The buyer would not have to pay tax on the gift; the donor is generally responsible for paying the gift tax. The main tax risk is if you give the entire home to the family member—then your tax basis for the home is inherited by the recipient. That means if your tax basis was $50,000 for the home when you bought it, the taxable gain for the family member could be $250,000 if he/she sells it for $300,000 years later.
5 Steps for Selling Your House to a Family Member
1. Agree on the Process
Before you decide on a price for the home, you need to agree on the process. This can reduce confusion and conflict down the road because you’ll identify whether you want to bring in professionals (such as a Realtor or appraiser), discuss how the buyer will finance the purchase and set a timetable. You also need to establish who the decision-maker is for both the buyer and seller so there is no confusion if other parties get involved and try to change the agreement.
2. Hire Professionals
Even if you have a good relationship with your family member, a major transaction like a home purchase can cause hiccups if there are disagreements over contracts and fees. You might think you don’t need a real estate agent, but you’ll still need someone to ensure that the paperwork—such as the purchase contract—is drawn up correctly, all state-required property disclosures are made and the home sells for fair market value.
It’s possible an agent will work for a flat fee or deeply discounted commission for both parties. A real estate attorney could also draw up and review key documents; one lawyer might be OK, or each party might need representation. Also, if the transaction doesn’t involve a lender, you should at least get an appraisal (which is usually required by a lender) to make sure the price is fair.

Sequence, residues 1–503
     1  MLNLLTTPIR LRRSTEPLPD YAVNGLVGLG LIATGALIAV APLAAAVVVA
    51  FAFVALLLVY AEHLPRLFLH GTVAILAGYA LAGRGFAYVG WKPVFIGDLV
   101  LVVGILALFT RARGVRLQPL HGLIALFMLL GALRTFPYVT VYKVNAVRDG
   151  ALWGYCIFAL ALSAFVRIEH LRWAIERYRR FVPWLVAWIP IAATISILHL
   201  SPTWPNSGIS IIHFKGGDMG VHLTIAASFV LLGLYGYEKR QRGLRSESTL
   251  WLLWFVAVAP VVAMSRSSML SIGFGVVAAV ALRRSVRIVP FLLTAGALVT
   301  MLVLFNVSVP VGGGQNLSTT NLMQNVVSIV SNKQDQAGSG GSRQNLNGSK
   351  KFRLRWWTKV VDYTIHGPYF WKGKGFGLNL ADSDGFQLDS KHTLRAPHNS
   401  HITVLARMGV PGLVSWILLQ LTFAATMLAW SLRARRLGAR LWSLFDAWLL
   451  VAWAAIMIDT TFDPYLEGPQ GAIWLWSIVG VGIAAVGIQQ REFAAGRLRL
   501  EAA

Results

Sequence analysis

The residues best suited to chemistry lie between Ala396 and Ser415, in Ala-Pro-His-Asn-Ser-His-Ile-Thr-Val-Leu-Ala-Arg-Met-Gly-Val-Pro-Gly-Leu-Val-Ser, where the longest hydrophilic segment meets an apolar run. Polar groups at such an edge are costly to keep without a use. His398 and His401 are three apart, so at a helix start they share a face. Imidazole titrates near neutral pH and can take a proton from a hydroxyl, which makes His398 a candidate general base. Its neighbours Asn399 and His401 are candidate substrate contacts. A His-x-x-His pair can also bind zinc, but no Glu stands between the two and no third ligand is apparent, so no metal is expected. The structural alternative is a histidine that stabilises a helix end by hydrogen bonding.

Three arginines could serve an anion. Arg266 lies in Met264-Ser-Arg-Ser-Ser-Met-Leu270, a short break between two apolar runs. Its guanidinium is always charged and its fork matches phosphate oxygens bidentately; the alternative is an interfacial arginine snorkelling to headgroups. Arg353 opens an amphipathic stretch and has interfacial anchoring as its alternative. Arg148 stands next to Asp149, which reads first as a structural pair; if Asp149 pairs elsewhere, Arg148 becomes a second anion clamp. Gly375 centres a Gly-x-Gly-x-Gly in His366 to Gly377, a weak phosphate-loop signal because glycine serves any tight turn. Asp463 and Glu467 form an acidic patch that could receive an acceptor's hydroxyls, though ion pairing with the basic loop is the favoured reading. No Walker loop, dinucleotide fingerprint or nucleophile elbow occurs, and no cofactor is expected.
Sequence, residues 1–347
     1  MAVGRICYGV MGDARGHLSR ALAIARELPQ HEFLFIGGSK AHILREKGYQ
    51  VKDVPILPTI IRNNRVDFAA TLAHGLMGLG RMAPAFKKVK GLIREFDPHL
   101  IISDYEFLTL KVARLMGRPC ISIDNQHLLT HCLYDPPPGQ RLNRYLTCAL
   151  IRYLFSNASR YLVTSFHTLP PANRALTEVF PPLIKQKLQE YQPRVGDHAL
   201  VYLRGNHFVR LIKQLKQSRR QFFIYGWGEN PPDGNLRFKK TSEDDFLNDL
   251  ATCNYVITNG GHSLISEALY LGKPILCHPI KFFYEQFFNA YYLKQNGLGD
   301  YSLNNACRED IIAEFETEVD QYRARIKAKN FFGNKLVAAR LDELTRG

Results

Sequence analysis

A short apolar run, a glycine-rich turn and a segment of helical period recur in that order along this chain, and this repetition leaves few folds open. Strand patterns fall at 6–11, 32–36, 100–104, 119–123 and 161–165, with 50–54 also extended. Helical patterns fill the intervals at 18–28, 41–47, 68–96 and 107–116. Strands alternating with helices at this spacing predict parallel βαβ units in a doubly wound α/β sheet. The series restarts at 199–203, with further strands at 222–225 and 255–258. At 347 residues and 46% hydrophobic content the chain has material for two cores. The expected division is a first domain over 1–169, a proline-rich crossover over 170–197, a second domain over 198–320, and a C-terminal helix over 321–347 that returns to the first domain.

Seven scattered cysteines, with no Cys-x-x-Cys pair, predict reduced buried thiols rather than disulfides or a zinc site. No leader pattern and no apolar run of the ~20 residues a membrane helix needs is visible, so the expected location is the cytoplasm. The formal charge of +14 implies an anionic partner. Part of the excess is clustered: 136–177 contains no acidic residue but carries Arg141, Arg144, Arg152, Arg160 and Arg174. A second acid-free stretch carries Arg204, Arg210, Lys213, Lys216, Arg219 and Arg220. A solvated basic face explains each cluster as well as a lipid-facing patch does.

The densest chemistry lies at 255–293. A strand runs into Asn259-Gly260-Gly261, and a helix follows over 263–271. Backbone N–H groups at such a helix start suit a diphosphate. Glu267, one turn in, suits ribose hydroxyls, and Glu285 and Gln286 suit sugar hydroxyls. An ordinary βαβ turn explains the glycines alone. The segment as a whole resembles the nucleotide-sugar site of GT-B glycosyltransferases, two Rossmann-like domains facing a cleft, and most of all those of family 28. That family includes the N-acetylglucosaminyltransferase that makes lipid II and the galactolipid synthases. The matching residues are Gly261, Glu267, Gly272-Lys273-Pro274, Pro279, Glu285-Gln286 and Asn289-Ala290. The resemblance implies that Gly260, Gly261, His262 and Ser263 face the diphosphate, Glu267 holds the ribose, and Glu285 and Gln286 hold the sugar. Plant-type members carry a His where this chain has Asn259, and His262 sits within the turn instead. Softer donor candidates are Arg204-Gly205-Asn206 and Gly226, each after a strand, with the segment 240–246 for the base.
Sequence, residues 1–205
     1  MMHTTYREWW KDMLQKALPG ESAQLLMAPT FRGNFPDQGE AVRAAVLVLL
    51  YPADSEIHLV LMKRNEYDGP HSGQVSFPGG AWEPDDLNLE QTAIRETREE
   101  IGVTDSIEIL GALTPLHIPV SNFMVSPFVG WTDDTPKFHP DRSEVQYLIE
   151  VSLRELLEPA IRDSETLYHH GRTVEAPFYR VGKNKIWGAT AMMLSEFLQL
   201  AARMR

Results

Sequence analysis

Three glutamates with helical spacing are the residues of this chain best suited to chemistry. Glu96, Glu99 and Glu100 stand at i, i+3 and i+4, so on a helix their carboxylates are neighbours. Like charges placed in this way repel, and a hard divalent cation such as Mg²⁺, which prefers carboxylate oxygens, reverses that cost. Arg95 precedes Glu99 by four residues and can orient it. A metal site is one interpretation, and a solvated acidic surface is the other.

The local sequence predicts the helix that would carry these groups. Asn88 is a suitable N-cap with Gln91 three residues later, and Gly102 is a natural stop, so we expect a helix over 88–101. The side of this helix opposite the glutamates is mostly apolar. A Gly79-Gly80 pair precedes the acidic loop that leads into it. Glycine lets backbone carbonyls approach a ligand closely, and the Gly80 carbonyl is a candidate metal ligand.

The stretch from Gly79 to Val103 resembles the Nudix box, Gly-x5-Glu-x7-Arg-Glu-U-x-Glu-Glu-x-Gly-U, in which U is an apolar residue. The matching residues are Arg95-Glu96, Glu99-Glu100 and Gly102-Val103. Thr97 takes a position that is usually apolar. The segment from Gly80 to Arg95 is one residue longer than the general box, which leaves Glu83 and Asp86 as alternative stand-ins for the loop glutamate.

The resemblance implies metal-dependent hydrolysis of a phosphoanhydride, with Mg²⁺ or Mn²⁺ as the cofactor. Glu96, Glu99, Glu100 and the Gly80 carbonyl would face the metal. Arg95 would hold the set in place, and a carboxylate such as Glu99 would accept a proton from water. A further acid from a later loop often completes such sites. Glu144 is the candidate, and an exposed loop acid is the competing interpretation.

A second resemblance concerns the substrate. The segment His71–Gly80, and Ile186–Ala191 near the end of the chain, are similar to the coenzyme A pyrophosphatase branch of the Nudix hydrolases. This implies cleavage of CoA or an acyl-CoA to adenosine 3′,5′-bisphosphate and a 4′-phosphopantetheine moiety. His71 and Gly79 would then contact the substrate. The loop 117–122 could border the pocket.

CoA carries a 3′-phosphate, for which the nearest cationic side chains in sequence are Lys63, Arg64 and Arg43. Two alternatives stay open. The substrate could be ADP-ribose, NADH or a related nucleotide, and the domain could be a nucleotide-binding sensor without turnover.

3. Evaluate the Home
This step depends on how you’re handling the transaction. If you plan to hire professionals, the agent will provide a comparative market analysis, which the appraisal confirms. You’ll also need a professional home inspection, which the buyer typically pays for.
4. Agree on a Price
You could come to a price agreement based on the agent’s estimate and/or the appraisal, or wait until after the inspection. Regardless, you’ll want to have a purchase contract that includes relevant contingencies, such as voiding the contract if the buyer can’t secure a mortgage by a specific date.